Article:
Tuesday, October 21, 2014

If we wait until we're ready, We'll be waiting for the rest of our lives.

After all this many decades, I know myself well enough to recognize that if somebody ELSE wants me to meet a deadline, I will do so.  But if it's just me, I can procrastinate until after the cows (and sheep) have metaphorically come home, had a meal and gone to sleep.

My painter friends (and other interested supporters) have noticed that I haven't been painting much over the summer.  I want to paint.  I want to paint better.  I want to deserve to call myself a painter/artist.

But with daily medical appointments and sudden attack-maps, I felt neither ready nor able.

But this morning, I was.  Able.  Willing.  Ready enough. A quarter of a year had passed since I had lifted a paint brush.  Oh, I did some sketches for sanity's sake, but no painting.  No thumbnails, compositions, value studies, blocking in or detailing.

I was also pretty sure that I had left my "studio" in, um, disarray.  Okay, I'd left it in chaos. 
My traveling oil painting cart had been collecting dust in the bedroom.  I hauled it downstairs.
Then I went back upstairs to retrieve my acrylic painting supplies.
Carried that carton downstairs in spite of imminent danger of being tripped by the beloved cat.
As I unpacked the traveling oil paint cart, I realized I could probably sabotage myself for another week or so if I insisted that I pre-clean my work space.
So I didn't.  Sidestepping THAT big of procrastination was a miracle on the order of seeing Jesus's face in a piece of toast.

I could feel my nerve draining.  I knew that the longer I dithered at the easel before  putting paint on canvas the harder it would be.
Almost in a panic, I found a canvas panel, a putty knife (needed something bigger than a palette knife) and some acrylic for underpainting.

Squee!  Squirt!  Squish!  Spread around the read.  Ooze on some raw umber.  See if the Molding Paste jar could be opened and play with that.  After the paint and paste was spread around, I played with some textural tools and scrapers until I realized that I wanted to add more colors... but that even fast-drying acrylic doesn't dry THAT fast.  But I'd broken the ice.  Broken the log jam.  Got re-started.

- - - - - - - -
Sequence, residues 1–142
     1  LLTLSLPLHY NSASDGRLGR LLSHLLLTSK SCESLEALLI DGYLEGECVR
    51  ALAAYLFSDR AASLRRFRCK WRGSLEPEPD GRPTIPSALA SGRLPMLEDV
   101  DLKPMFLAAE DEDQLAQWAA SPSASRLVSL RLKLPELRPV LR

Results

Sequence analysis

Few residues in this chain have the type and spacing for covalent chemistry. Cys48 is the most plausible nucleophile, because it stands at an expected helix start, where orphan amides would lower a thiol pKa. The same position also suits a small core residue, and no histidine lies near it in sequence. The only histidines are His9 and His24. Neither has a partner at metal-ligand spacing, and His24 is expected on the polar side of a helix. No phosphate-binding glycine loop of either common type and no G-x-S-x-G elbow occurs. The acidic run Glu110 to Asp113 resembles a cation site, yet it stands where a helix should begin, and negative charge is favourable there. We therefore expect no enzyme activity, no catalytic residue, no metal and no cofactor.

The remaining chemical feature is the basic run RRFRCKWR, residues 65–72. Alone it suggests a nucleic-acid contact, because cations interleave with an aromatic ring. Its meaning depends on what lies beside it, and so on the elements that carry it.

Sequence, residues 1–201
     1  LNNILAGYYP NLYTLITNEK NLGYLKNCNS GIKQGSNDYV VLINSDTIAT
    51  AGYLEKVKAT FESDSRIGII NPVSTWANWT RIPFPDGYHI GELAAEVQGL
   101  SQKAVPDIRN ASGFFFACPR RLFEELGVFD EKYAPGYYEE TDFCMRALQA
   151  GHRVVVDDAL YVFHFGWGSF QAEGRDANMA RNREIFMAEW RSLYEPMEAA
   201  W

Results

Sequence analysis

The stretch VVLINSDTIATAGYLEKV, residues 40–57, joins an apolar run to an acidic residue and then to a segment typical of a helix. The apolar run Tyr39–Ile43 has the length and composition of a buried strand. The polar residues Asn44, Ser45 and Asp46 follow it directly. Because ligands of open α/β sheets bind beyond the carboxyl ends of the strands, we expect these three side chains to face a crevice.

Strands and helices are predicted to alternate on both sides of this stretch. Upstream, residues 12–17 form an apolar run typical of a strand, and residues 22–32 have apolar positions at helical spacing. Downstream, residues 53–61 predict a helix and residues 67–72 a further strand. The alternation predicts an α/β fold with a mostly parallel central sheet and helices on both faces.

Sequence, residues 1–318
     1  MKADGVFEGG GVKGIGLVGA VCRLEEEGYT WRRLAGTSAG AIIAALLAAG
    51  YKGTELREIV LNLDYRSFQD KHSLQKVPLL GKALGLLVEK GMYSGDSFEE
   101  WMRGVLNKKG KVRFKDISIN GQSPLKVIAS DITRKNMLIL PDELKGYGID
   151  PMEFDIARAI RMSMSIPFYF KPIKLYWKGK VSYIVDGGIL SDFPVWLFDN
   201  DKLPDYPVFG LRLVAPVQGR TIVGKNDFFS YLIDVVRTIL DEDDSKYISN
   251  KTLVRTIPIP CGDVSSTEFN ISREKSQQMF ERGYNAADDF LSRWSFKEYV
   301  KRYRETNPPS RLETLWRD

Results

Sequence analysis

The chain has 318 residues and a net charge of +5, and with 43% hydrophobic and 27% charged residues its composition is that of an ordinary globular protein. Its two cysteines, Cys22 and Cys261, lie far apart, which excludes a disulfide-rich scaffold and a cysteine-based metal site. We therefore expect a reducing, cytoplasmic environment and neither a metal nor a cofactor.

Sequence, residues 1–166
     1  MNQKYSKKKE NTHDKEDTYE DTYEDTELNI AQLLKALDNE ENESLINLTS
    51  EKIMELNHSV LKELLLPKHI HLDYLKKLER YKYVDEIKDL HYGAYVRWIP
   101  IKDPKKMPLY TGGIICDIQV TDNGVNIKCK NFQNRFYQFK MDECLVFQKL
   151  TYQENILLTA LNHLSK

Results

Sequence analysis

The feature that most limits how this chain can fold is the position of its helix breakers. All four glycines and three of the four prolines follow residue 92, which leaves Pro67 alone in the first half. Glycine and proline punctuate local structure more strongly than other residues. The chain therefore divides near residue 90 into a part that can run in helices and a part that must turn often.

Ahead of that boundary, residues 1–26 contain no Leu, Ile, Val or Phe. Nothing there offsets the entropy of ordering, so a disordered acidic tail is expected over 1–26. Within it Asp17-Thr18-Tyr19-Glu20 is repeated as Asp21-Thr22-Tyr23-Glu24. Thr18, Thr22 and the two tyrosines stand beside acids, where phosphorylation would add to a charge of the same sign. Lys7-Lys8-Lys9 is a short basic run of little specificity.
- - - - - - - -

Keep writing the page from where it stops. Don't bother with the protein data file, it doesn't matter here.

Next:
There's a painting I really want to do... but that I don't have much confidence about.  I even started it.  So, in spite of really WANTING to work on that one, I thought it was only fair to proceed somewhat cautiously.

I found a barely begun landscape of a white barn in the pale green hills of Ohio.  I even found the print out of the reference photograph... which I took in 2012 on our late-winter trek from Texas to New Hampshire.

Remembering that I tend to over-worry and over work my paintings, I scraped off the old wads of paint from my palette, squeezed out a minimal number of hues and got back to work.
 Of course, even wanting to keep it loose, there's more to be done.
And I'm pleased with myself for being back on my journey of seeing, interpreting and sharing....

even if I need to take Ibuprofen for a few days to balance out the sore muscles from holding up something as small as a paintbrush.

Oh... and I've resolved to organize my painting area... and once it IS organized, to keep it that way.
But... no hurry.  I'll do it when I'm ready enough, but before I am perfectly ready.


Merilyn Tandukar said...

I do understand this, Dana, and at times I can't find the energy or space or the time, then all of a sudden I have to paint! Since I returned from China I've had the urge more often and also to paint outside. The air and the light are gorgeous at the moment, even when it's raining. I hope you have started on a new journey in your painting life, just keep going!!

e. Tobin eckian said...

its looking good. keep going? a bit each day even. same time each day will build into a practice?

Anonymous said...

Dana, happy you found your brush! But I know you are always painting in your heart. Love, Jane